There can be little doubt that the Covid-19 pandemic and its economic aftershocks are changing the risk landscape clients are facing across the world. For insureds, it has meant having to adapt the way they do business and to develop new strategies and operating models, often overnight, in order to, in some cases, just survive.
This changing risk landscape has helped to highlight the value of, and need for, insurance brokers that know their local markets, understand their clients’ individual challenges and that are able to help them understand and adapt to the risks these changes bring.
These economic conditions, combined with the hard market, have however, also resulted in increased consolidation across insurance broking, with what can only be described as a surge in mergers and acquisition activity across the broking sector.
And it is a global trend. The drivers for much of this consolidation include the need to invest heavily in technology and systems, a need accelerated by the shift to digital in response to home working and closure of offices.
This rush to achieve scale, accompanied by a race for top broking talent, has resulted in the creation of some mega-sized international broking groups. The big question is, is this consolidation good for clients? Well, that depends, as big is not necessarily better, and whilst scale can bring new investment and greater efficiencies, it can also result in restrictive and unwieldy corporate processes and operations. Turning a super-tanker round is not always easy and a corporate culture can make it more difficult to offer a personalized and flexible service required by clients.
This trend for consolidation is also creating a dilemma for owners of medium-sized brokers that need to invest in their businesses if they are to embrace digitalisation and overcome legacy issues. Another issue they face is the ability to retain their top talent from the behemoths. They face two clear options; raise the capital they need to invest in new technology and new skills from investors or become part of a larger group through acquisition.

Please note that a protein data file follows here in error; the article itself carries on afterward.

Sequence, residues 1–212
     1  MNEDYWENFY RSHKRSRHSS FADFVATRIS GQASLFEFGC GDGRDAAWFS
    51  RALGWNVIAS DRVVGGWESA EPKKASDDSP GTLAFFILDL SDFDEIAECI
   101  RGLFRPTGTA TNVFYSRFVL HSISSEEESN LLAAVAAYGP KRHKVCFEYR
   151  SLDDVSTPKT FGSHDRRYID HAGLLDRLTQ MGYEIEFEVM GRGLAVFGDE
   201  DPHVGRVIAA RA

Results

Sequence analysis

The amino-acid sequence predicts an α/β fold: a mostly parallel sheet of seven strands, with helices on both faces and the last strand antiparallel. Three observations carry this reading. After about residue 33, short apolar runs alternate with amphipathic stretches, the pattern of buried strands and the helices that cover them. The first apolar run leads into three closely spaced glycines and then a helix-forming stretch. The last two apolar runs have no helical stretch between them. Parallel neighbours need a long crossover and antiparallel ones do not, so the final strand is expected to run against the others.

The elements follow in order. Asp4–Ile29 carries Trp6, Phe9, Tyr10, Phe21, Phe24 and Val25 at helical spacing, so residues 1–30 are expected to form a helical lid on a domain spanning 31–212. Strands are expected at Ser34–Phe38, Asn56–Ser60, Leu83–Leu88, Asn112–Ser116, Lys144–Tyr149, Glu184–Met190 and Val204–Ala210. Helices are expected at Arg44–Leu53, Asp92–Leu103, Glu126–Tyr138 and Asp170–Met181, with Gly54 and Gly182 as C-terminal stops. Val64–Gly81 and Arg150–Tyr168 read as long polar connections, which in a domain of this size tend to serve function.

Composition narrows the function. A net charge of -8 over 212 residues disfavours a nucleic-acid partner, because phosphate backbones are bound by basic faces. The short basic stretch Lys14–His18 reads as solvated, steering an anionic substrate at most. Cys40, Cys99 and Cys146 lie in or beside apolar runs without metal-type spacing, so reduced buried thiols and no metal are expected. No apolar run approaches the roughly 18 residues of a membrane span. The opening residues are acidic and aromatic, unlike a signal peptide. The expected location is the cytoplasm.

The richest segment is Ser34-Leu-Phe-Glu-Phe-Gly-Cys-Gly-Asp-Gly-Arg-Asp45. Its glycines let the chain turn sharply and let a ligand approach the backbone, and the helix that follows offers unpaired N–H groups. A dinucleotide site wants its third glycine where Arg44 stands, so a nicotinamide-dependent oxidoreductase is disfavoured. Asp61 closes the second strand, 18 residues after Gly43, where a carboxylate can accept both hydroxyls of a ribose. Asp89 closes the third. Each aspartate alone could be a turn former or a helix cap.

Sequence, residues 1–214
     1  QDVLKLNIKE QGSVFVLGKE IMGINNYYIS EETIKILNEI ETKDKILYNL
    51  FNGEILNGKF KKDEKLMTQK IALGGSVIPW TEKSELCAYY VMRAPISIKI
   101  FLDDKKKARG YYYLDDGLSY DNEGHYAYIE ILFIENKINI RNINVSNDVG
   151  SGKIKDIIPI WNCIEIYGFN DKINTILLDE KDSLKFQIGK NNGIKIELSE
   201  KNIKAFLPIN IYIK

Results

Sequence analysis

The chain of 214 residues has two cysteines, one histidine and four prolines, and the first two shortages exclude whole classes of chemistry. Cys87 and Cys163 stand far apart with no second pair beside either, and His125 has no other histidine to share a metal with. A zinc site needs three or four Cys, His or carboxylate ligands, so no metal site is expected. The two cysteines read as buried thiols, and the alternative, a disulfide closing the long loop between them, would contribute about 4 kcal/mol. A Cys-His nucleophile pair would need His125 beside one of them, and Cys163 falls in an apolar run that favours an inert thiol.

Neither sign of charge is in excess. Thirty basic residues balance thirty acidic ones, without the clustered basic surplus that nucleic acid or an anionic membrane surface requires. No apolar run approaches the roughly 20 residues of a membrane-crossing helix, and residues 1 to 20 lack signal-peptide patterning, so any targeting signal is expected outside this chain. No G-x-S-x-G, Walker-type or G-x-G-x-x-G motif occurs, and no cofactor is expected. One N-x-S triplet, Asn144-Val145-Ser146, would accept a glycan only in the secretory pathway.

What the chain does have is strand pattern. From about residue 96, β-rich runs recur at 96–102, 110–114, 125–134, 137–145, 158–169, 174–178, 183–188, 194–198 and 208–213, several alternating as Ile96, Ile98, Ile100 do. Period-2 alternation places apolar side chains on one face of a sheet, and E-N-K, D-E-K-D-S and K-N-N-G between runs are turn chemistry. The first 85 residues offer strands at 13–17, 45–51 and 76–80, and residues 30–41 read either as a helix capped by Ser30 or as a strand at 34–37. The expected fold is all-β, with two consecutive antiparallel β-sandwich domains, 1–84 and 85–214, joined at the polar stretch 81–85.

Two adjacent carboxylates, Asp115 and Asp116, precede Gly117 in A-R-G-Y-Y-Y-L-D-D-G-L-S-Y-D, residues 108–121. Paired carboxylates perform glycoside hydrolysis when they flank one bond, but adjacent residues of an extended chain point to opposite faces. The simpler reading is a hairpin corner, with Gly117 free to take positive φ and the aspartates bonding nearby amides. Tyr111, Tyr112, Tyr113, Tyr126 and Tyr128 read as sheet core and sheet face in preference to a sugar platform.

The independent and more niche brokers are in a much stronger position. And despite the almost relentless march of consolidation there remains a clear role for these specialist brokers which, by their very nature are nimble, dynamic, and able to adapt and respond to the demands clients are facing as a result of the changing risk and economic environment. These brokers are able to provide independent, impartial, personalized, and tailored advice – services that are undeniably needed more now than ever.
The smaller and local brokers do not have it all their own way however, and they need to keep investing in their own businesses, and in their people, if they are to continue to add value to clients and compete with the constant influx of new, legacy-free, technology-based start-ups and the burgeoning behemoths with their access to cheap capital.
This is where independent global insurance broking alliances have a key role to play, enabling smaller brokers to benefit from access to some of the benefits of scale, such as new technology, and broader technical and specialist support services, that they would just not be able to on their own. And the result of course is that clients, facing tough times ahead, will continue to be able to access the specialist broking support they need as the world looks to get back onto its feet and put the pandemic behind it.